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I was reading that the proof of the fact that $R =\mathbb Z [(1+\sqrt{-19})/2]$ is a principal ideal domain from here

It actually shows that $R$ is a Dedekind-Hasse domain, that is let $ \alpha , \beta \in R $ then there exists $ \gamma , \delta \in R$ such that $N(\alpha/\beta*\gamma-\delta) <1$, where $N$ is the D-H norm.

To prove that he comes up many cases. I am not able to understand how does he come up with these cases.

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Could you explain what exactly you don't understand? Clearly, he covers all possible cases (presumably 2(b) should read $a\in \mathbb{Z}$ and $b\in 5\mathbb{Z}$). Case 1 covers $b\in \mathbb{Z}$, cases 2(a) and 2(b) together cover $a\in \mathbb{Z}$. So the remaining case is that neither is in $\mathbb{Z}$. For this case, cases 3(a) and 3(b) cover the case that either both are in $2\mathbb{Z}$ or neither is. Cases 3(c) and 3(d) the cover the remaining case that exactly one of them is in $2\mathbb{Z}$. – Alex B. Nov 12 '11 at 14:30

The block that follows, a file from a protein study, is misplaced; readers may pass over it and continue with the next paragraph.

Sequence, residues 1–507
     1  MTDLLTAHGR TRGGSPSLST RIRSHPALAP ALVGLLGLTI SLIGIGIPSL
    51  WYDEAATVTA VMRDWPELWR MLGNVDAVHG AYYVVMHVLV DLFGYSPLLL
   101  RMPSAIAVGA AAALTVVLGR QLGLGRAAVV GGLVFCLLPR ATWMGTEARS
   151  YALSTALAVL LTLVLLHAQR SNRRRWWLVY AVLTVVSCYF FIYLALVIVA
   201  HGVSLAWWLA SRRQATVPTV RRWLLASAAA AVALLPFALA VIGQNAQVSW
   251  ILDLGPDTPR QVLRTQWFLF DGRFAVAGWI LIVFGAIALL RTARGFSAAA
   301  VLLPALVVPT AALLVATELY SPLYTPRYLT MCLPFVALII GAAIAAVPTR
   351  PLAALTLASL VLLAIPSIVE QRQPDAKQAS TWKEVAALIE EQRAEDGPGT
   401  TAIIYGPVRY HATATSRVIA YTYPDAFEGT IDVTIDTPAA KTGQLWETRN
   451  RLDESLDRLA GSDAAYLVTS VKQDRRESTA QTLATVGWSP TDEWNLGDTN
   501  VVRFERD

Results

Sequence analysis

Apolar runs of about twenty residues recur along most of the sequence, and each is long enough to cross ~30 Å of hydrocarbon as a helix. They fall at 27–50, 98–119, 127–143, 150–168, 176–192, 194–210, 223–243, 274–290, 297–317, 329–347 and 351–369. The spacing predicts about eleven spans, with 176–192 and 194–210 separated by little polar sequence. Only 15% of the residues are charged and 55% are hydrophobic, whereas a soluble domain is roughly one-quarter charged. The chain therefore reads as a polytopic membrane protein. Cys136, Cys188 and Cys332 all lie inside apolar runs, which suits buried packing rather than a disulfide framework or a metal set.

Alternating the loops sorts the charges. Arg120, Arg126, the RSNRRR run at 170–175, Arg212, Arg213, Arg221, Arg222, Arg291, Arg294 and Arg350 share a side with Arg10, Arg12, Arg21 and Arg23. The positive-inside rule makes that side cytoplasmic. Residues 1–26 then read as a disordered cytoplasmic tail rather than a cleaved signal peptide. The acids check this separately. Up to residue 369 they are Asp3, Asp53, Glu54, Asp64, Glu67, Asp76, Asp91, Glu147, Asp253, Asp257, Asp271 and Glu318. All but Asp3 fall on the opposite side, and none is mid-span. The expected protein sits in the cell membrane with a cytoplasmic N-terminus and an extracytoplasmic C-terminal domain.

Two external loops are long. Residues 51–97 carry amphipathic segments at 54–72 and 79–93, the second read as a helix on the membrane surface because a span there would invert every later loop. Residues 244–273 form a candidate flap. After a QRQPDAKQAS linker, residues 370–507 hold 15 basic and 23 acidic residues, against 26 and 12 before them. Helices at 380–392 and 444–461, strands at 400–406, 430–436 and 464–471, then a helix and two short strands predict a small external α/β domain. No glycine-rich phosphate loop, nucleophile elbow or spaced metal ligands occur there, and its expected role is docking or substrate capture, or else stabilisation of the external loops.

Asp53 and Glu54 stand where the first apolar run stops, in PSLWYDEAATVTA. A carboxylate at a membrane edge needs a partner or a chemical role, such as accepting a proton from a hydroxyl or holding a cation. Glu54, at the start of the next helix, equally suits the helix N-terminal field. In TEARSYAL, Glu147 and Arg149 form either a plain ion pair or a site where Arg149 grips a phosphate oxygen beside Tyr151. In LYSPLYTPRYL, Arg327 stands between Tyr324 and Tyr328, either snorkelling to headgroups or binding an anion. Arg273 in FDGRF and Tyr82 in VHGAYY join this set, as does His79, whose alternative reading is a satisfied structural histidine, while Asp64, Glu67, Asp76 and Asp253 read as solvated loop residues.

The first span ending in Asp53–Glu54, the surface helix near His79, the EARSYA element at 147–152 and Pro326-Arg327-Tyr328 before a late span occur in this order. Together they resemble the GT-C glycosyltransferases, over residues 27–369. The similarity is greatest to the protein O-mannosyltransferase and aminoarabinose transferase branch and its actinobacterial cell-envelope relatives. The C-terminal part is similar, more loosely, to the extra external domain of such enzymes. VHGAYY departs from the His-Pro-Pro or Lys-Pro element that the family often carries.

What I don't understand is how he comes up with these cases. For, example why are there two different subcases when $a$ is an integer? or why there are four different subcases when when both $a$ and $b$ are not integers? And how should I know what those subcases should be? – Mohan Nov 13 '11 at 6:34
The general philosophy is: if you have an idea what to try, try it. Then realise that it only works in certain situations, not in general, so you are happy that you solved a special case of your problem and take it from there. – Alex B. Nov 14 '11 at 0:20

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